E-commerce's next frontier

Report finds gap between companies selling online and using automated trade tools

By: Eric Johnson
Photo: Maxx-Studio/Shutterstock
   Much of the focus around the rise of e-commerce has focused on its impact on traditional retail channels.
And rightly so.
   Virtually every keynote, panel, and sideline discussion at the Retail Industry Leaders Association Supply Chain Conference in Orlando this week was tinged with the way online shopping is shaping this industry.
   But something that gets far less attention is how effectively most companies can manage cross-border e-commerce shipments. We’re still some way off from the point where global business-to-consumer supply chains are as seamless as business-to-business supply chains. And the hitch predominantly comes from trade compliance.
   A report released this week by the American Association of Exporters and Importers and the global trade management software provider Amber Road found that while 75 percent of respondents currently have an online sales channel:

   • Only 27 percent have automated denied party screening capability
   • 18 percent have tools to determine if shipments qualify for low-value shipment duty exemptions or are able to calculate and support a deliver duty paid shipment model from shopping carts
   • 21 percent have a system for proper classification of goods based on descriptions from product catalogs and the desired country of import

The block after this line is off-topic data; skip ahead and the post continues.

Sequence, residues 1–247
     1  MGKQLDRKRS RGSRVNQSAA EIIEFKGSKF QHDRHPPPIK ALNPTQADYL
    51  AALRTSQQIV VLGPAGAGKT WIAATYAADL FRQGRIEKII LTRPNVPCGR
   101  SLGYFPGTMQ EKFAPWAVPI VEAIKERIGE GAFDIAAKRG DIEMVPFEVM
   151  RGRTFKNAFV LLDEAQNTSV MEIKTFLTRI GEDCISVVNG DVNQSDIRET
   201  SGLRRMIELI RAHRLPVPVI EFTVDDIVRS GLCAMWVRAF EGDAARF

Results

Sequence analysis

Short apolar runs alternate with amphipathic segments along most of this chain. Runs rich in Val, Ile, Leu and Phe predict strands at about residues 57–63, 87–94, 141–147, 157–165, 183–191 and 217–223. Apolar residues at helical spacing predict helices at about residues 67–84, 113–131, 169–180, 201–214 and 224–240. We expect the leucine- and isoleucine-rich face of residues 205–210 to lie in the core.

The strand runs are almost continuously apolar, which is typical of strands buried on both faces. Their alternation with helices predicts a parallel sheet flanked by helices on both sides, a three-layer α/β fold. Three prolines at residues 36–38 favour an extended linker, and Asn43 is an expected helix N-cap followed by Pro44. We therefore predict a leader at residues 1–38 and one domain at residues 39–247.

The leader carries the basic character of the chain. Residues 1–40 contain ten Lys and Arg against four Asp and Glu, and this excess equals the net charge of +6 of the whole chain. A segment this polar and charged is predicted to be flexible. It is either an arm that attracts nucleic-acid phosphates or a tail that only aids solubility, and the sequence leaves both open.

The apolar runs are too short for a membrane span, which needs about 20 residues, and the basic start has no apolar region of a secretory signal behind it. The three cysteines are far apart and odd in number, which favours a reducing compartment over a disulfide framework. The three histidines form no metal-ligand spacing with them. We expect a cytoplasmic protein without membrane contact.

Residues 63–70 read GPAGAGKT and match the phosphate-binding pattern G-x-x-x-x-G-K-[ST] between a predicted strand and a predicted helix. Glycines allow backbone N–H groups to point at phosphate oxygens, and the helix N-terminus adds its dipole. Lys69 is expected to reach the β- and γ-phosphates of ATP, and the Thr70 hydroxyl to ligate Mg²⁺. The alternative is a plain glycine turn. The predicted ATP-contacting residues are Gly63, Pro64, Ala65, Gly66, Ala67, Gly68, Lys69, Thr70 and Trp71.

“The colossal success of e-commerce sales is the catalyst for major changes in how global business is making, selling and moving products to satisfy customer demand,” the report said. “However, most companies don’t have a single technology solution to satisfy the needs of today’s GTM scenario. In our survey, a large number of participants (48%) are managing their e-commerce channel internally, but none have every piece of the total solution.
   These are critical considerations for companies fulfilling e-commerce orders. The implication is that even for companies that have stringent trade compliance policies in place for their “traditional” supply chain, those policies aren’t as clearly defined or automated in an e-commerce setting.
   “Being able to properly classify goods based on descriptions from product catalogs, country of export, and each consumer’s desired country of import is essential,” the report said. “Consumers expect a quick and easy online buying experience, which requires accurate product classification in real time for cross-border orders. All countries require and rely on the International Harmonized System (HS) to properly classify products. As a result, Customs requirements are routinely identified based on the HS code, and are required at the time of order to deliver a positive customer experience.”

Consumers expect a quick and easy online buying experience, which requires accurate product classification in real time for cross-border orders.

   In other words, in an international e-commerce setting it’s critical that a retailer be able to convey an accurate price to an customer instantly. But depending on the origin of the good and the location of the buyer, that price will change based on duties, free trade agreements and other regulatory considerations.